Valencia College will contribute $2 million to the University of Central Florida’s proposed downtown campus, according to plans outlined at the Oct. 21 Valencia College board of trustees meeting.
The UCF downtown campus is a joint project for Valencia College and UCF, though UCF is securing the bulk of the funding for the campus.
“Just as UCF has invested in our joint-use facilities on West Campus and Osceola Campus, we are going to invest in their campus’s joint-use facility,” said Sandy Shugart, Valencia College president.
Dale Whittaker, UCF’s provost and executive vice president, and Falecia Williams, president of Valencia’s West Campus, outlined the latest proposal for the downtown campus in a briefing for Valencia College’s trustees. Under the new plan, Valencia would provide most of the first- and second-year classes at the downtown campus. For students who attend the downtown campus, the cost of a bachelor’s degree would drop from $24,650 (the cost of 120 credits at a Florida university) to $18,920 — the cost of two years at Valencia and two years at UCF.
UCF plans to move a number of programs to the downtown campus, including its digital media, emerging media (character animation), health informatics, health services administration , legal studies, communications and social work programs, as well as several master’s degree programs. When the campus opens, UCF officials estimate that about 5,395 UCF students will be enrolled in programs housed at the downtown campus.
Valencia College plans to move its culinary and hospitality programs from the West Campus to downtown, as well as part of its digital media program and the college’s health-information technology program. Valencia will also offer the classes needed to earn an Associate in Arts degree, which is the general education degree required for transferring to a four-year college or university. Valencia programs are estimated to bring about 2,300 students to the campus when it opens.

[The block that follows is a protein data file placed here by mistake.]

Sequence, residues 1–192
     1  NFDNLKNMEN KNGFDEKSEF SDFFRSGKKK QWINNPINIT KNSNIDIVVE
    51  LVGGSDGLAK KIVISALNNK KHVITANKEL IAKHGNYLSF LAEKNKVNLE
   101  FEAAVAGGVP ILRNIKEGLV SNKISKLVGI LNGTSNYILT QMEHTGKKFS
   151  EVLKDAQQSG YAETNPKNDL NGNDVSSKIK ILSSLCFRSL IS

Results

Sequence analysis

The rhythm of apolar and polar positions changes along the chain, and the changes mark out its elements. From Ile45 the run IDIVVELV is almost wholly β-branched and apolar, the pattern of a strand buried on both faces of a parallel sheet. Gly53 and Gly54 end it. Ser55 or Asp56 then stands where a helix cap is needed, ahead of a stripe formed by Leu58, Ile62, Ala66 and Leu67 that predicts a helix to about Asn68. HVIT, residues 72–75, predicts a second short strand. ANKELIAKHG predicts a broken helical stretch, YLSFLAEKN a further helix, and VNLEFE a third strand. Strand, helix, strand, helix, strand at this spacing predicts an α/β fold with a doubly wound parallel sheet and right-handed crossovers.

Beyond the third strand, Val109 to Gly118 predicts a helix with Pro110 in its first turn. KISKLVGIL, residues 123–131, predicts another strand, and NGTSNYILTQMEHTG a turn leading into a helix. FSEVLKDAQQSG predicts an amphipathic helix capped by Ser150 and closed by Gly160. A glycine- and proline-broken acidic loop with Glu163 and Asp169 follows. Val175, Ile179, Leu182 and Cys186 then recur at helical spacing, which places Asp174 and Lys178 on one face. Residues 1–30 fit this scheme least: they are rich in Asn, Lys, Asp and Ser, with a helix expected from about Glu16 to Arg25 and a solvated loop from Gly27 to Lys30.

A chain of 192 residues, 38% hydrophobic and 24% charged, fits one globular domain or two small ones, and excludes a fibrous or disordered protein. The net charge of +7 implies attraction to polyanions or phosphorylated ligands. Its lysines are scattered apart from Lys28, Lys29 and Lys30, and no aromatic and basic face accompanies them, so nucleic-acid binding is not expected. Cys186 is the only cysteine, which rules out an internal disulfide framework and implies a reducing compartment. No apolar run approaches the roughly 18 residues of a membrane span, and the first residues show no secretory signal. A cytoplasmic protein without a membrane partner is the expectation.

“This campus will be a game-changer for a number of reasons,” Whittaker told Valencia officials. Not only will the campus provide opportunities to the residents of Parramore, he said, but he noted that the programs moving downtown are aligned with the economic development goals for the city of Orlando and the region. For instance, the health information programs and health services programs will be located between Orlando Health and Florida Hospital’s headquarters, while the digital media programs align with Orlando’s growing tech businesses. Legal studies students will be studying near the county and federal courthouses, as well as the FAMU law school.
Valencia is also moving its Walt Disney World Center for Hospitality & Culinary Arts program from the West Campus to downtown, Williams said, because the program has grown too large for its current space — and the move may provide new partnership opportunities for the program. “We’ve grown 16 percent over the last five years,” Williams said. “The reality is: We need another home for this program because we’ve outgrown our space.”
Valencia’s culinary and hospitality programs will move into 50,000 square feet of space in a building complex that will also house downtown campus students. That housing facility will be privately built, but managed by UCF, Whittaker told the trustees.